Welcome to the 54th Chicago International Film Festival.
Fewer days and fewer films, yet higher prices, with an unannounced rip-off mark-up price of $2 dollars per ticket, as they’re not using Ticketmaster anymore, which is the most disheartening change, as that’s just price gauging.
No reason why that couldn’t have been announced on the festival website, clearly stating what customers could expect this new year. By not doing so, the realization does not hit until the moment of actually purchasing the tickets, where the price is not as advertised, which many believe is overt deception. Getting customers angry and offended at the outset is not at all a good way to start off a new festival year.
Once more there is a plethora of Specials, 12 in total, one-time-only screenings priced at a whopping $20 bucks, many of which include films that will be released in the next few weeks, which is not what the festival should be featuring. I’m a thorough believer that there should be no more than 3 or 4, and for films with a festival buzz about them, which makes them truly “Special.” But instead they are money grabs. By including them into the schedule, they make it appear like a better festival than it is, but it’s a façade, a sleight-of-hand illusion that should by all means be ignored. Don’t reward this blatantly deceptive practice.
First off, let’s see what will not be playing here, though they’ve played elsewhere in other festivals.
20 or so films not playing
*Barry Jenkins If Beale Street Could Talk
Claire Denis High Life
Nadine Labaki Capernaum
Neil Jordan Greta
Jeremy Saulnier Hold the Dark
Xavier Dolan The Death and Life of John F. Donovan
Zhang Yimou Shadow
*Lee Chang-dong Burning
Mia Hansen-Love Maya
László Nemes Sunset
Michael Winterbottom The Wedding Guest
Jafar Panahi Three Faces
Kirill Serebrennikov Leto
Mariano Llinás La Flor
Hong Sang-soo Grass + Hotel By the River
*Ulrich Köhler In My Room
*Bi Gan Long Day’s Journey Into Night
Frederick Wiseman Monrovia, Indiana
Roberto Minervini What You Gonna Do When the World’s On Fire?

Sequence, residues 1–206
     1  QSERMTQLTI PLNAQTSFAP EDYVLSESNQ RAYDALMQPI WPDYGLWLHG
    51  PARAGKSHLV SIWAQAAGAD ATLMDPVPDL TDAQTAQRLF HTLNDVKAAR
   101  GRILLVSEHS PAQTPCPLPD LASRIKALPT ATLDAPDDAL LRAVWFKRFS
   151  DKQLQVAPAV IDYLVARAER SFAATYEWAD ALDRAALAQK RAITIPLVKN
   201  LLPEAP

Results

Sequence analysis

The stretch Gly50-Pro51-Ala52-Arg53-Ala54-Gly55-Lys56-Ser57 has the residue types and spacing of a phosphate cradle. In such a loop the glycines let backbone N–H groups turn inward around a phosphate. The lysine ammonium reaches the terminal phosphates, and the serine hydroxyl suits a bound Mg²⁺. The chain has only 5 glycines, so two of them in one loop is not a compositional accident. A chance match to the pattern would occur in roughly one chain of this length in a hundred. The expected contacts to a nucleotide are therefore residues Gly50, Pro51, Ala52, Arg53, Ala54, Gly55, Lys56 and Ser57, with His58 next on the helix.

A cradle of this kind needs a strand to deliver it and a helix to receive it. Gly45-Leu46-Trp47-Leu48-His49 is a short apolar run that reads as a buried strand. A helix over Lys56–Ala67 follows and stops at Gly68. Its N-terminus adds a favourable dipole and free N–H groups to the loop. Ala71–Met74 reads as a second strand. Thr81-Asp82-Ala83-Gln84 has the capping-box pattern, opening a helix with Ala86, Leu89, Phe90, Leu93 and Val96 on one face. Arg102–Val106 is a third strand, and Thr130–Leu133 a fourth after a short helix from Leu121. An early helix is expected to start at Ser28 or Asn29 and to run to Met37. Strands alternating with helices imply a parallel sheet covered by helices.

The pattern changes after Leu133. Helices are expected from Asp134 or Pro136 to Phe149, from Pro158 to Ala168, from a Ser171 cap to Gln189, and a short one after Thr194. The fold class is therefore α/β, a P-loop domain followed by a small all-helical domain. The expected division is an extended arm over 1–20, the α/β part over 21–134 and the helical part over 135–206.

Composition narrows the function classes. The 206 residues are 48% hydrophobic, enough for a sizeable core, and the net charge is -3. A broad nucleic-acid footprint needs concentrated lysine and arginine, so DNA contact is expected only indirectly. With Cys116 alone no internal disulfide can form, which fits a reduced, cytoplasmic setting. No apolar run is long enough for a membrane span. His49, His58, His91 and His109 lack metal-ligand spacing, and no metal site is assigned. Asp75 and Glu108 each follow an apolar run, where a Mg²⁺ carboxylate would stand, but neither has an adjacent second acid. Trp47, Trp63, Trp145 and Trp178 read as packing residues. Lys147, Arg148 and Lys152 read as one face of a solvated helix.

Nuri Bilge Ceylan The Wild Pear Tree
Ryûsuke Hamaguchi Asako I & II
* films with plenty of festival buzz
There will be 8 films that premiered in competition at Cannes this year, including the Palme d’Or (1st place) winner, Hirokazu Koreeda’s The Shoplifters from Japan, the Best Director, Polish director Pawil Pawlikowski for Cold War, co-winner of Best Screenplay, Italian writer/director Alice Rohrwacher for Happy As Lazzaro, Best Actor was awarded to Italian actor Marcello Fonte from Matteo Garrone’s Dogman, and 4 films from Un Certain Regard, including the award winner Border by Ali Abbasi from Sweden and Denmark. There are 5 films that premiered in competition at The Berlin Film Festival, including the Jury Grand Prize (2nd place) for Małgorzata Szumowska’s Mug from Poland, and an Ecumenical Jury Prize for Thomas Stuber’s In the Aisles from Germany. There are 6 films that premiered in competition at The Venice Film Festival, but two are Specials, including the two top prize winners, the Golden Lion (1st place) winner, Alfonso Cuarón’s Roma from Mexico, and the Grand Jury (2nd place) winner, Yorgos Lanthimos’ The Favourite from the UK, US, and Ireland. The Best Actress prize was awarded to Olivia Colman from The Favourite, while the Best Documentary prize was awarded to Peter Bogdanovich for The Great Buster: A Celebration.
A recent trend has seen fewer Asian films (11), none from the Philippines, a lone African film, while like last year there is a significant increase in American films (55), with only 40 chosen before that. Those American films constitute 43% of all the films shown in the entire festival, which is 128 this year, as opposed to 143 films last year, yet this is advertised as an “International” Film Festival. Perhaps in name only, but not in spirit.
Still, expectations are rising as the programming was decidedly better last year, with fewer truly great films, but many more really good films, with hopes that will continue this year as well.